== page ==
Recently, I opened my car trunk and noticed my stash of tennis balls. I’ve got quite a collection and have started keeping these in a big bucket to use when friends and I decide to go hit tennis balls. But if you stop and think about it, there are a lot of fitness-based uses for these bright green orbs. Here are a few that I came up with off the top of my head.
1. Tennis – Even I’ll admit, that’s an obvious one. I used to play loads of tennis, including singles matches that would last 2-3 hours. The Cleveland Clinic notes that tennis provides physical, physiologic and psychological benefits. For instance, this sport is great for cardiovascular health, and can improve balance, agility and mobility. You also can burn a lot of calories. A woman who weighs 135 pounds can burn 330 calories while playing an hour of doubles tennis and 420 calories when playing a singles match. And an average-sized man can burn 425 calories playing doubles tennis for an hour; if he plays singles, the number of calories he burns can jump to 600. And needless to say, psychologically it feels great to clobber the tennis ball as a way to vent your frustration with the economy, your boss, or whatever else is bothering you. And the great part of tennis is that once you make the initial investment of a tennis racquet and a good pair of tennis shoes (along with the occasional purchase of new tennis balls), it’s a relatively cheap sport to play.
2. A game of catch – Obviously, you can use a baseball or a softball, but a tennis ball is just as useful. According to Exercise.com, a game of catch uses upper body strength. In addition, it burns a small to moderate number of calories depending on the intensity of what you’re doing. For instance, if you weigh 180 and play catch for 50 minutes, you’ll burn 204 calories, according to their tracker. I’d suggest another benefit would be improved hand-eye coordination, which can help you in a multitude of daily activities.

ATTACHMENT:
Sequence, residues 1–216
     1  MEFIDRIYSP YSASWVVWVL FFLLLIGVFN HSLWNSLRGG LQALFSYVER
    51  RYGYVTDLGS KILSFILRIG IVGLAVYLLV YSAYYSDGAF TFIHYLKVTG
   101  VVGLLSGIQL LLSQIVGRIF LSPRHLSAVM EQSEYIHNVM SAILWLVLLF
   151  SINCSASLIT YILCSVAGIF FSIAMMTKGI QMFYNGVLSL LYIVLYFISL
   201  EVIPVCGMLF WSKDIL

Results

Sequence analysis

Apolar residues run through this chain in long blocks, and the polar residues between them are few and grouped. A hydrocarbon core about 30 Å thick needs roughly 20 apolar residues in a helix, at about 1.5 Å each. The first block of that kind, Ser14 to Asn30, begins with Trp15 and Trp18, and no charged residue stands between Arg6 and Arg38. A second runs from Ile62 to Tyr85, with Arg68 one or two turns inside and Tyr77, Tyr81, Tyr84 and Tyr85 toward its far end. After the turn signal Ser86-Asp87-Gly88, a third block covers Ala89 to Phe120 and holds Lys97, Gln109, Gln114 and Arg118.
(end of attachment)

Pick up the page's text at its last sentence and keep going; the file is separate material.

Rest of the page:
3. Juggling – I haven’t mastered this art, but juggling can be a good workout. According to Jugglefit.com, juggling is considered an aerobic exercise, helps strengthen the core, improves coordination, and maintains and even increases your range of motion in the arms and shoulders. (Who knew?) But not surprisingly, juggling is great for the brain. The website notes that research has found that juggling increases the brain’s gray matter. In addition, this activity may help prevent Alzheimer’s and improve problem-solving skills.
4. Canine soccer. OK, this is not an official sport, but I used to play “soccer” using a tennis ball with my dog, Zoe, down the long hallway in my house. I’d try to keep the ball away from her while trying to drive toward the goal (the wall at the end of the hallway). Then we'd turn around and repeat the activity. Needless to say, I had to avoid kicking Zoe, but we both had a lot of fun and got a bit of a workout, albeit her more than me. But this little made-up activity definitely worked on my legs and improved my coordination as I tried to maneuver the tennis ball past that smart and agile little miniature Schnauzer.